Friday, July 28, 2017

BRITAIN - More than 70 prisoners released by mistake in 2016-17 amid violence surge

Prisons released 71 inmates in error over the last year in England and Wales as violence surges to new high

Statistics show record levels of assaults and self-harm inside jails in England and Wales

The Government has been accused of “turning prisons into powder kegs” with underfunding, overcrowding and staff shortages as new figures reveal record levels of violence.
Assaults and self-harm reached an all-time high in the past year, according to concerning statistics that also showed that more than 80 inmates were released by mistake or escaped.
Data for England and Wales in the 2016-17 financial year showed 71 prisoners were released in error – the highest number since records started in 2006.
On average, inmates were freed because of blunders more than once a week, including 58 who were released from jail and 13 during escort or at courts.
Another 15 prisoners escaped from custody – four from prisons, eight from “contractor escort”, and three from National Offender Management Service escort, but none involving the most dangerous category of prisoner.
Escapees are pursued by police but prisoners released in error are not considered to be unlawfully at large, according to the Ministry of Justice’s report on the figures.
“They are not culpable and may be unaware that they have not completed their sentence or have outstanding warrant,” it said.
“Depending on the circumstances of the case, they may not be actively pursued for return to custody.”
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A prisoner is officially classed as having been released in error if they are wrongly discharged from an establishment or court when they should have remained in custody.
Examples of errors can include misplaced warrants for imprisonment or remand, recall notices not being acted on, sentence miscalculations or discharging the wrong person on escort.
Assaults increased to a new high of 26,643 incidents in the year to March 2017, mostly between prisoners but including a record 7,159 attacks on prison staff. 
The Liberal Democrats accused the Government of “turning prisons into powder kegs” with “scandalous underfunding”.
Alistair Carmichael, the party’s chief whip, said: “What should be places of rehabilitation are now dangerous hotbeds of violence, self-harm and drug abuse.
“No prison guard should have to go to work in fear of being seriously assaulted while being outnumbered six to one.
“The Government has lost control of our prisons and urgently needs to get a grip.”
About 14 per cent of all assaults were classified as serious, with serious assaults on staff have trebling since 2013 to reach 805 in the year to March.
There were 97 suicides, including six women – a small decrease of 10 from the previous year – but self-harm reached a new record high of 40,414 incidents in the year to March, up by more than 5,700.
The figures showed that self-harm is twice as prevalent in female prisons, but incidents in male-only jails were more likely to result in hospital treatment.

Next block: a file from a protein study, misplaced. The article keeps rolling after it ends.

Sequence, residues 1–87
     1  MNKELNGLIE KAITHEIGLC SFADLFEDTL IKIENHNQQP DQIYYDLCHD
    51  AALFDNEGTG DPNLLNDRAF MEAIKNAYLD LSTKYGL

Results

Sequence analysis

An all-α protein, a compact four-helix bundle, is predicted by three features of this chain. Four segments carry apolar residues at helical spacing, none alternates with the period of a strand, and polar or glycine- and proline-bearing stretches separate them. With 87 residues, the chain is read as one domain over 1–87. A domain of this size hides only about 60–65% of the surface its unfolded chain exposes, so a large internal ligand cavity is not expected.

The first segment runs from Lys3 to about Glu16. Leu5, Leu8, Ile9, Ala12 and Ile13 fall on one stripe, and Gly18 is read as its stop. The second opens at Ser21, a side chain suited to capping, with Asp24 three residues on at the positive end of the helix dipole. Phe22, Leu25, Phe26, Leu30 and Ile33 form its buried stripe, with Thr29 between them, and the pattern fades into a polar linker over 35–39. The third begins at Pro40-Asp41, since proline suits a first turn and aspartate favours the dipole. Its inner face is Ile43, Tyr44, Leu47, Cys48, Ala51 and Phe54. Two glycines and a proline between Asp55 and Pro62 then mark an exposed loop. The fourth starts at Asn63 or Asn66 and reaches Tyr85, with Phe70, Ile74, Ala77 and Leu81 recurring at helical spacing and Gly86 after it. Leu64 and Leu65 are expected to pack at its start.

There were a total of 316 deaths in prison custody in the 12 months to June, down from 322 in the previous year, including two murders, 189 deaths due to natural causes and 25 that have not yet been classified.
The Liberal Democrats said the Government has lost control of prisons (PA)
A spokesperson for the Ministry of Justice said the cause of some deaths remained uncertain following toxicology tests and post-mortems, meaning they would not be determined until inquests that can take several months.
The Howard League for Penal Reform said chronic overcrowding and staff shortages were driving a “rising tide of violence, human misery [and] chaos”.
“How many people have to die before action is taken?” asked chief executive Frances Crook.
“The first step to recovery is to recognise that there is a problem. The second step is to do something about the problem.
“By taking bold but sensible steps to reduce the prison population, we can save lives and prevent more people being swept away into deeper currents of crime and despair.”
Almost a quarter of prisoners were being held in conditions officially classified as “crowded” and the number of positive random drug tests reached 9.3 per cent.
The Ministry of Justice said the figure was at its highest level since 2006 “but is predominantly driven by more prevalent cannabis use”.
The report warned of a “resurgence” of the drug, with inmates also taking opiates, like heroin and methadone, and buprenorphine, while new testing is being introduced for new psychoactive substances, formerly known as “legal highs”.
Annual performance rankings show that the number of prisons with the lowest possible rating has risen from six to 10.
The lowest-ranked jails – Bedford, Birmingham, Bristol, Brixton, Guys Marsh, Hindley, Liverpool, Pentonville, Wandsworth and Wormwood Scrubs – are performing at a level that causes “serious concern”.
The Prison Reform Trust said the latest figures showed that the prison system is “nowhere near being safe for those who live and work within it”.

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